He lay on the dirt floor of the tool shed where they had dragged him. He had feigned unconsciousness, and it had not been far from the truth. In fact, after they deposited him in the shed he had to fight to keep from drifting off. But he knew if he did, he wouldn’t wake up for a long time, and that would be fatal. In the brief discussion the men had had after they stopped kicking him, believing him to be unconscious, Fogarty had made it clear they would kill Jeff after someone named Stewart returned. Fogarty also stated that in his opinion, Jeff would not come around before then. Perhaps that was the reason why they had not left anyone to guard the tool shed, a fact Jeff ascertained by peering through the cracks between the plank walls.
The old man trod lightly and kept to the shadows. He knew he was on Rafter 8 land and it was a dangerous place for him to be. He stopped often to scan the moonlight-bathed desert and then moved on followed by a horse, which he led by a rope hackamore. On a darker night he would have ridden, but in this bright moonlight a mounted man would make a tall profile. He was within a hundred yards of the river, which at this point marked the western border of the Rafter 8 Ranch, or the T. S., as it was now called. When he had crossed the river he would ride.
A week after the incident at the T. S., Tom Stewart rode into town, accompanied by Fogarty. He had several items of business to take care of, but his main interest was finding out what Jennings had accomplished in regards to locating Jeff Havens and evicting Julio Arroyo. Stewart timed his arrival in town to coincide with the hour when Jennings customarily went to the hotel for breakfast. Had Jennings known how closely Stewart had studied him and how well his habits were known to the man, he would have been quite uncomfortable and more than a little suspicious. Stewart and Fogarty were already seated at a table near the door when Jennings entered the hotel. Stewart, acting surprised, stood up and extended his hand.
The Mountain Range was vast, though from the desert it did not look so. The face of its front was a mere facade to the extensive labyrinth of peaks and canyons beyond. Few men knew these mountains better than Jeff. In his youth he, Amado, and sometimes John Havens had hunted and camped here often, and though he had not set foot here for many years, Jeff had not forgotten the trails and canyons and cloven hills of his youth. This gave him a decided advantage over the posse. Moreover, he believed he had never ridden a finer animal than the horse Amado had loaned him. By noon he was confident he had left the posse behind.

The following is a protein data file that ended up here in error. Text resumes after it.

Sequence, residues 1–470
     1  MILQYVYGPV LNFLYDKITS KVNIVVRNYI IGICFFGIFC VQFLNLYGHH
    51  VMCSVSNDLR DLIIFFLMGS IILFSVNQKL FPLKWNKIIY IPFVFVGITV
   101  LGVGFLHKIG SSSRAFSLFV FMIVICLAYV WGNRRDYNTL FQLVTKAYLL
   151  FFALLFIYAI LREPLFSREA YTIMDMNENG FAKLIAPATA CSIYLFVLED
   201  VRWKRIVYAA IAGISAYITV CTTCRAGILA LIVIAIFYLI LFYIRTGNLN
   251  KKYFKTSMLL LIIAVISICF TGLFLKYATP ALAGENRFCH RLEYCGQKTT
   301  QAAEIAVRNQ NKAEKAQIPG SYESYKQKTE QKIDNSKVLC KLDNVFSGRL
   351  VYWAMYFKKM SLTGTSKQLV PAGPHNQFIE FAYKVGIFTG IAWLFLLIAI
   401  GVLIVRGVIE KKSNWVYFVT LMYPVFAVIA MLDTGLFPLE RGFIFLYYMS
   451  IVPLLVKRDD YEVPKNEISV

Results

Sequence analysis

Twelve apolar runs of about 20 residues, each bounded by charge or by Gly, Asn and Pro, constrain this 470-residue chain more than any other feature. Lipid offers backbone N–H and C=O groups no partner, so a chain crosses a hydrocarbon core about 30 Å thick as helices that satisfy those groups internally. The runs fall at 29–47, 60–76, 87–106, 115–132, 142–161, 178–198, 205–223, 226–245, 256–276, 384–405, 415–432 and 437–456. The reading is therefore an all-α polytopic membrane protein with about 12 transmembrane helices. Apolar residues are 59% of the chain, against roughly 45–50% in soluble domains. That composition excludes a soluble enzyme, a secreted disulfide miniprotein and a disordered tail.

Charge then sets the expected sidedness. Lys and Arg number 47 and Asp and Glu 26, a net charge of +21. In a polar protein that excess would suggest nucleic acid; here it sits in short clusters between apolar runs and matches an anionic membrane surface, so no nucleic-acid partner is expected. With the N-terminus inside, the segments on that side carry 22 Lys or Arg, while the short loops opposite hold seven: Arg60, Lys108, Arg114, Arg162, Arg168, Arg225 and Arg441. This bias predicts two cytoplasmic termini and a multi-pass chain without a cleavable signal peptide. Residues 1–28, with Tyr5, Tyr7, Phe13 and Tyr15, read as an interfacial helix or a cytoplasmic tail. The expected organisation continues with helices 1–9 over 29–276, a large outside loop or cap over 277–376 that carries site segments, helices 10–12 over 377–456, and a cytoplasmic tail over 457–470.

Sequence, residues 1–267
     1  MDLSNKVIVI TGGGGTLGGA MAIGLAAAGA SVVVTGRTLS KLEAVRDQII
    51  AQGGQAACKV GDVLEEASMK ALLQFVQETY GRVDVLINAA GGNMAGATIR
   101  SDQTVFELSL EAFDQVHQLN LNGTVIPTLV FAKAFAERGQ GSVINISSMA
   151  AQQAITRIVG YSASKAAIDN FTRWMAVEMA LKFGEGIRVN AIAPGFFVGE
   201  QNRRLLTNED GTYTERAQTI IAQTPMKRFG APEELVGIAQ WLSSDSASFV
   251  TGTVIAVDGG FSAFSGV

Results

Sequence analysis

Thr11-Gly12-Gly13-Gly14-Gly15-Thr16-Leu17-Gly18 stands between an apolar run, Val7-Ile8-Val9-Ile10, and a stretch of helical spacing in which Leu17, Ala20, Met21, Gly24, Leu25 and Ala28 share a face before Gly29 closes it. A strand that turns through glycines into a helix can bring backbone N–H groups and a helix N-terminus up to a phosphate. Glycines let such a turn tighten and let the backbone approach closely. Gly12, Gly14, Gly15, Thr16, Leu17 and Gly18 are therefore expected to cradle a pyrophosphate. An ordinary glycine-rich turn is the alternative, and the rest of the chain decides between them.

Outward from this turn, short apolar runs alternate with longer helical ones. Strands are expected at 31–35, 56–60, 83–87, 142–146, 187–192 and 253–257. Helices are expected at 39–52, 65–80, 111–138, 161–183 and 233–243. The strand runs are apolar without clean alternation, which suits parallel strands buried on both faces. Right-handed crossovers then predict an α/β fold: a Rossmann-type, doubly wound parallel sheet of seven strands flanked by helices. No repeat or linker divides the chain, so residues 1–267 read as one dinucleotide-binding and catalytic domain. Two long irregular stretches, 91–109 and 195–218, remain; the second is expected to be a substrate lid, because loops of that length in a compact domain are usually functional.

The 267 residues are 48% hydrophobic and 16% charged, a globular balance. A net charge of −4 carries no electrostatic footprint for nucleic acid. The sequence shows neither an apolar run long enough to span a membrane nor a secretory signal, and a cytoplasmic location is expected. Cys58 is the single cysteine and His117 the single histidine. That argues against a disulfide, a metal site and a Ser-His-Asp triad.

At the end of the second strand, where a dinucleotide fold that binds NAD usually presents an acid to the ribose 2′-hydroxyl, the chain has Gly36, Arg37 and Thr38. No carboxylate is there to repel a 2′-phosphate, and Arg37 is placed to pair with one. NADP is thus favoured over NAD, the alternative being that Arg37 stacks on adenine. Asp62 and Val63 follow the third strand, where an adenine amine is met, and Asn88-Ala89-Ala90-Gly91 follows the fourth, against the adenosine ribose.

Fogarty frowned as he considered the situation. He didn’t know whether to wait for Sundust and Hatcherson, whom he had not seen in days, or to move ahead and try to meet up with them. The group had heard shooting the night before—distant, but clear—and were confident the manhunters had brought the hunt to a successful close. Morale in the camp was high this morning. After almost two weeks, they would soon be leaving these desolate mountains.
Anne lay on the bed in the guest room—which she had begun to think of as her room. She had been there for hours, thinking. The sun had set and the room was dark, but she had not bothered to light a lamp. Stewart was in town again tonight. He was spending more and more time away from the ranch and things were not right between them. She realized now they never really had been. Until recently, she had convinced herself her life was satisfactory. Now she understood it was woefully deficient in the things most essential to happiness. The fact she was expecting a baby gave her additional reason to reassess her circumstances. She wanted her child to be happy—she didn’t want its childhood to be like hers had been, and she realized unhappily, that her life was following a pattern which had been established for her by her parents.
Ted Walker strode briskly down the boardwalk of Main Street. He had a lot on his mind—not an unusual condition for a man who is mayor of a busy, growing town, but the matters which were presently causing him to furrow his brow and chew his lower lip in anger were matters that extended beyond the scope of the mayoral office. He crossed the street and tramped past the bank, preoccupied and paying little attention to the comings and goings of the people on the street and boardwalks.
Jeff rolled over and heard the rustling of pine needles beneath him and the patter of rain drops falling on the tarp that covered him. It had rained hard all night and all the previous day, but was only coming down lightly now. He had slept warm and dry in his blankets, sandwiched between a ground sheet and a tarp, but as he poked his head out into the gloomy, gray morning, he realized he was about the only dry thing around. The trees and grass glistened all around him, and the horses tethered nearby grazed stoically in the tall grass and dripped water, not appearing to mind.